China Steel Corp (CSC, 中鋼) on Friday announced that it would cut steel quotation prices for domestic deliveries in the third quarter to reflect increasing uncertainty that has resulted in a wait-and-see approach in the global steel market.
It would lower the price of benchmark hot-rolled sheets and coils by NT$1,000 per tonne and cold-rolled sheets and coils — which are used in the automotive industry — by NT$941 per tonne, the Kaohsiung-based steelmaker said in a statement.
CSC would also decrease the price of electro-galvanized sheets by NT$600 per tonne, electrical sheets by NT$750 per tonne and hot-dipped, zinc-galvanized sheets by NT$800 per tonne, it said.
To support the export competitiveness of domestic downstream customers, the company has decided to also drop the price of steel bars and rods by NT$1,066 per tonne, and steel plates by NT$529 per tonne, it said.
“Due to the unresolved trade conflict between the United States and China, international political and economic uncertainty has increased, affecting global economic growth momentum this year,” CSC said in the statement. “Global uncertainties have caused short-term turmoil in the international steel market, and end users have reduced their inventory levels in response.”
As the costs of raw materials such as coking coal and iron ore remain high, major international steel mills have adjusted their strategies to avoid losses, with China Baowu Steel Group (中國寶武鋼鐵) and Shougang Group Corp (首鋼) leaving their product prices unchanged for next month’s shipments, CSC said.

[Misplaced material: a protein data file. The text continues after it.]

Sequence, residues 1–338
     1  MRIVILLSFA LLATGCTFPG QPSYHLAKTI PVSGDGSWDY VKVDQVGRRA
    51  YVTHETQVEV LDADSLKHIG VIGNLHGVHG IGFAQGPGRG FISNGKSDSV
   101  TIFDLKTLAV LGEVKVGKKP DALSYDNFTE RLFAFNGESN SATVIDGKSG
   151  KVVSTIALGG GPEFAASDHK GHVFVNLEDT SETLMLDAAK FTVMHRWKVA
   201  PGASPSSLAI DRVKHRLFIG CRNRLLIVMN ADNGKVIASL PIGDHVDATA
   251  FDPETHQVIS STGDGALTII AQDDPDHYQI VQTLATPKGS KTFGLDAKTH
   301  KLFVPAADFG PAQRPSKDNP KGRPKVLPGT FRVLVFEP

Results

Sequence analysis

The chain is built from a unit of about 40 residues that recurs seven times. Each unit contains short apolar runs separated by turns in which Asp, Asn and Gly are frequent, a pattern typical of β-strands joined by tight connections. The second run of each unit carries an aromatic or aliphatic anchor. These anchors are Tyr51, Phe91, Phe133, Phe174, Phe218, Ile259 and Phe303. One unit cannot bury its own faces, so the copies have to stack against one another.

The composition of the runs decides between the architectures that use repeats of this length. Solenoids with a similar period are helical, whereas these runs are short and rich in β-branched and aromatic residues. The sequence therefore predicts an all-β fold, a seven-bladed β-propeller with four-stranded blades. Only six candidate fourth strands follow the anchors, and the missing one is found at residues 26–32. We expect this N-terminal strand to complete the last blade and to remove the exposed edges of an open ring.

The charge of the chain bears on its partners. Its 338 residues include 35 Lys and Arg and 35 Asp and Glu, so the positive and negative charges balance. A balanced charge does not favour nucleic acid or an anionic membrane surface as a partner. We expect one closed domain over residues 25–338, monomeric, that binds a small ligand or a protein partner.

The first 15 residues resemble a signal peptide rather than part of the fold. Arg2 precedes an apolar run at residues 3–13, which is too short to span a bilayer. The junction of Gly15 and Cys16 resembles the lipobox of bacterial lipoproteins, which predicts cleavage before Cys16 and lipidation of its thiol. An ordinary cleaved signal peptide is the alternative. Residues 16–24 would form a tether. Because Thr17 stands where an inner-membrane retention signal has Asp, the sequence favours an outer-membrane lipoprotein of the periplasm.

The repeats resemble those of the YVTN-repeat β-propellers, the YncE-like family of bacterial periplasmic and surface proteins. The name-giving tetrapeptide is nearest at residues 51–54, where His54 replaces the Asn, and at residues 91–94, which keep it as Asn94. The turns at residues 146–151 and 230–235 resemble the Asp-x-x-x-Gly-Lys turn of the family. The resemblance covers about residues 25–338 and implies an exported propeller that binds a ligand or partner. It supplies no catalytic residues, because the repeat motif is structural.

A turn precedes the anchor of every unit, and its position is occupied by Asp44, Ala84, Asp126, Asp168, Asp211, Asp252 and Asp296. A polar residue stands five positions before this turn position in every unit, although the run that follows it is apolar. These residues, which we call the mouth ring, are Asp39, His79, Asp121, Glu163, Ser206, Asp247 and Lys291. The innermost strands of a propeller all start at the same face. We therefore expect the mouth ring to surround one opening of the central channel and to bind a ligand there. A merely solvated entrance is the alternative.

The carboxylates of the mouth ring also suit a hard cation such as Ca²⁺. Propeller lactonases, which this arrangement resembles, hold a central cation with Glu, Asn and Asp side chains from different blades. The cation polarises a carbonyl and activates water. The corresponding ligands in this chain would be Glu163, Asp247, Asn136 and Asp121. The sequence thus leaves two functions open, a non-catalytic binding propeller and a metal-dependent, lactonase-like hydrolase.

The firm said that international steel prices have no room to fall in the short-term, as “high raw material costs have supported steel prices even with the sluggish market.”
“In the future, if the US-China trade negotiations turn positive and the market’s wait-and-see atmosphere dissipates, restocking demand will ... boost international steel prices once again,” CSC said.
The company’s latest move highlights how fast market dynamics have changed over the past three months.
In early March, CSC raised its steel quotation prices for most products for this quarter by NT$300 to NT$490 per tonne, and gave a positive outlook for the year on the back of healthy supply-demand dynamics in Japan, South Korean and China, as well as seemingly relaxed trade tensions between the US and China.
The trend toward unfavorable international steel prices and weaker downstream demand might further squeeze the company’s gross margin due to higher feedstock costs.
"Although CSC faces operational challenges such as high material costs, the company has still decided to moderately lower its quotation prices for next quarter to improve downstream competitiveness and reflects the close partnership between the upstream and downstream industry," the steelmaker said.
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